Stall wars: When do states fight to hold onto the status quo?


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2 Scopus citations


In many wars, fighting allows states to hold onto some of the disputed good until the conflict is over. Indeed, war may look attractive to some actors for that purpose even if they will likely lose and incur substantial costs in the process. How does this incentive to stall alter the likelihood of conflict onset? We develop a model in which a delay exists between war's initiation and termination. During that time, states maintain a division of the disputed good. If states value the future at different rates, no mutually preferable settlement may exist. War is more likely when a more patient state is powerful but holds a smaller share during the dispute. In addition, we show that the parameters for war are non-monotonic in the length of conflict: Fighting only occurs when the delay falls in a middle range.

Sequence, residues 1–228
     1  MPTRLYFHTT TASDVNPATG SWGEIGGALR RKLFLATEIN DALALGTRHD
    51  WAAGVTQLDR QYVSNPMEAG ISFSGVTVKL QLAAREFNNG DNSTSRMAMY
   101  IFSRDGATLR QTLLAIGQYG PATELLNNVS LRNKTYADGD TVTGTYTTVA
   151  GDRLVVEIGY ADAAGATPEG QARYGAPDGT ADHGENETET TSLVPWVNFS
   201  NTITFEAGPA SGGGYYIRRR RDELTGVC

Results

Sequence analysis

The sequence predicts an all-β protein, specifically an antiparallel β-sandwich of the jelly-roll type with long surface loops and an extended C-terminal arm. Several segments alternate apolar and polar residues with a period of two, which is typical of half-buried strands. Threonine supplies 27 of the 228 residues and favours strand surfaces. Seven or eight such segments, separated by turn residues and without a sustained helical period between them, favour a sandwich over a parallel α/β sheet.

Original languageEnglish (US)
Pages (from-to)523-529
Number of pages7
JournalInternational Studies Quarterly
Issue number3
StatePublished - Sep 1 2020

All Science Journal Classification (ASJC) codes

  • Sociology and Political Science
  • Political Science and International Relations


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